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    Another commercial winemaker chiming in on the topic... non celiac. Coopers use a mixture of flour and water to seal the head of the barrel along the staves. My barrel supplier uses a rice flour at our direction to avoid any possibility of a gluten intolerant having an issue. I just got a call from someone complaining of getting 'sick' from my wine due to gluten intolerance. I was unable to convince her this was impossible. As mentioned earlier by the other winemaker, gluten, being a protein is highly unlikely to make it past clarification, fining, and filtration. It is my sincere belief that celiacs are sickly people in general and the mind is a powerful device that can manifest illness, pain, depression, anxiety to satisfy a subconscious need for attention. I'm sympathetic to the lifestyle but I resent the constant vilification from anecdotal evidence.

    You, Dominic are a jerk! I hope to find out what wine you make so as to avoid giving you one red cent. I wouldn't wish celiac on my own worst enemy but now I am reconsidering that because of your rude and insensitive comments. KARMA is a b%$@#!

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    I have been commercially making wine for 20 years. I keep getting questions from this crowd about 'wheat paste' used in wine barrels. You can find hundreds of websites that make this claim but I have been unable to find a single oak supplier who can confirm this. Even if there is some glue used in barrel productions do you know how impossible that would be to get into your wine? You breathe more gluten on a daily basis than you would drink if you consumed an entire 60 gallon barrel of wine. It's such a ridiculous myth ---- please inform yourselves and stop wasting wineries time asking this ridiculous question. On a more scientific note - gluten is a protein --- even if a wine was fermented completely from rye, almost all wines go through some type of protein stability which would drop the protein out of the wine prior to racking, filtering clarifying.. If this didn't happen you would have a haze precipitate on the bottom of the bottle - ie. protein instability. You could simply rack this off and drink what's left.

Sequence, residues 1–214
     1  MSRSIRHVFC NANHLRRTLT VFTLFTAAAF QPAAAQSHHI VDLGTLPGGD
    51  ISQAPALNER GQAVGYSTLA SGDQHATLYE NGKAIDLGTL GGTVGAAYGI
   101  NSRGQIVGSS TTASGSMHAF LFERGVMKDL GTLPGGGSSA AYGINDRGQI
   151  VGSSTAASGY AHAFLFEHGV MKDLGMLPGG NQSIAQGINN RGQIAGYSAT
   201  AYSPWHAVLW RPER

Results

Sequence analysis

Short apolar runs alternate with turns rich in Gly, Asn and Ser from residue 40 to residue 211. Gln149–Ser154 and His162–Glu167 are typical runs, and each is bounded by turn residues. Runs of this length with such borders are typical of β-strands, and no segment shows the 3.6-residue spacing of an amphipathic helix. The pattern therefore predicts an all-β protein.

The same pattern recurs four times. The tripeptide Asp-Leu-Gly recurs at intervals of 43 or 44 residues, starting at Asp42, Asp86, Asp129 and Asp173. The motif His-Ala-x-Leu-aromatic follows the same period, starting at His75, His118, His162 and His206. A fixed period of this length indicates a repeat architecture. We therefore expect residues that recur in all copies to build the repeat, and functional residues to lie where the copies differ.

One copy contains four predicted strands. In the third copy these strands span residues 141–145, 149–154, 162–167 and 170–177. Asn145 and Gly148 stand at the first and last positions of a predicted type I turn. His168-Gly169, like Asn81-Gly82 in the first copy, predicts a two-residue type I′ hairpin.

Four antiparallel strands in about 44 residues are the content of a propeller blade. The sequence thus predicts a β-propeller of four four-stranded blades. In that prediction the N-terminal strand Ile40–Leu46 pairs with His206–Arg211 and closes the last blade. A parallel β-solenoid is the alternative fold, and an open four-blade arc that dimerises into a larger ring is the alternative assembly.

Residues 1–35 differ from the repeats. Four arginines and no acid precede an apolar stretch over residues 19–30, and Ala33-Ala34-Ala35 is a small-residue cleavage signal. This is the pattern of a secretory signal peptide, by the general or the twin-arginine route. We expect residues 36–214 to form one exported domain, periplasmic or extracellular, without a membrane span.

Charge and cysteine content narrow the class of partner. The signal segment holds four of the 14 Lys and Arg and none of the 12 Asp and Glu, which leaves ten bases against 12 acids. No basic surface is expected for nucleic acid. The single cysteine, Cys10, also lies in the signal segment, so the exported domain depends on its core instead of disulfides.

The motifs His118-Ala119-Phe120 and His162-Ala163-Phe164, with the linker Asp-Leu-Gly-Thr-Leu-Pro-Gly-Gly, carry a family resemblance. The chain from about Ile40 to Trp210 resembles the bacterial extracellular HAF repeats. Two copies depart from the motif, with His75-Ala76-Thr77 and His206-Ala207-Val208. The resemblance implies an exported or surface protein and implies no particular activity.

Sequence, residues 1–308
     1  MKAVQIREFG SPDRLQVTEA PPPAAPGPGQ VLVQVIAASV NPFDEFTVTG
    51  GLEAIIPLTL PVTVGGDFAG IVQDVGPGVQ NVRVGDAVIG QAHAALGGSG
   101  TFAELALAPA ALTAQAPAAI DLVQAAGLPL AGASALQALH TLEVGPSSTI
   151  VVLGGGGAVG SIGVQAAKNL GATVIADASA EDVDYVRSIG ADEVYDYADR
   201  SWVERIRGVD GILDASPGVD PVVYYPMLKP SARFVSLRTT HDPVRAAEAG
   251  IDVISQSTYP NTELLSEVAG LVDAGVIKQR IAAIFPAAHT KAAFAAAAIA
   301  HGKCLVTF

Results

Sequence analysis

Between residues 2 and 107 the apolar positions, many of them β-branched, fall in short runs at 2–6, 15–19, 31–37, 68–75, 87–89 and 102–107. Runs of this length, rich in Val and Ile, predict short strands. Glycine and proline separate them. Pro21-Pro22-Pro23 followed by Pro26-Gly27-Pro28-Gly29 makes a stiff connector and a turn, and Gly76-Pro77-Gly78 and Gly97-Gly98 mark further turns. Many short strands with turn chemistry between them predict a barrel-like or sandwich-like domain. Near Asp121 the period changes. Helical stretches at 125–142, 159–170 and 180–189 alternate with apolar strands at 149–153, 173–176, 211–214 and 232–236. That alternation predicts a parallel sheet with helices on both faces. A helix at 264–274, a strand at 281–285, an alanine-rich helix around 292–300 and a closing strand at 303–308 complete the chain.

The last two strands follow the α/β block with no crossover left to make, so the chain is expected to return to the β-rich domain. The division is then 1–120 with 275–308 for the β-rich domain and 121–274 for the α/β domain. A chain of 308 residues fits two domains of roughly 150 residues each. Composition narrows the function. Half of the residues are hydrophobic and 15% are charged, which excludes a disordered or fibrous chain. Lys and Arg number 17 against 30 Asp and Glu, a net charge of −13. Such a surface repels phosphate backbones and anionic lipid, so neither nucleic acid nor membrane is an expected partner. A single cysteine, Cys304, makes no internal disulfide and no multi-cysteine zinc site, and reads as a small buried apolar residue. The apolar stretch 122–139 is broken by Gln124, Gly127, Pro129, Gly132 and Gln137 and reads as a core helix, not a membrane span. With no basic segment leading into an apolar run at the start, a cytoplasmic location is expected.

I hear what you are saying, but I have had a "reaction" to a Malbec reserve wine from Argentina and not other red wines. So maybe the aging in the barrel for reserve wines adds to a gluten level in the wine from the extended time held in the oak barrels? I am not sure, and I do understand that the wine in filtered and clarified prior to bottling as well. So for now I am going to drink red wines that do not bother me and try to replicate this problem with another reserve wine not made in the USA. PS- I love red wine and will not give it up!

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    Good article, great that you added test results. I think it is most likely that wine is gluten-free. Don't forget all you who say you get reactions that lots of gluten-free certified food also has gluten in it, it just has less than 20 parts per million by weight. That is still quite a considerable amount, as the body of evidence shows Coeliacs can cope with small levels of gluten. So drink red wine and be happy. After 5 years on a gluten-free diet I do not think it is so bad an affliction, there again I have had Leukemia, so maybe it is relative!

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  • About Me

    Gryphon Myers recently graduated from UC Berkeley with a degree in interdisciplinary studies, research emphasis in art, society and technology. He is a lifelong vegetarian, an organic, local and GMO-free food enthusiast and a high fructose corn syrup abstainer. He currently lives in Northern California. He also writes about and designs video games at Homunkulus.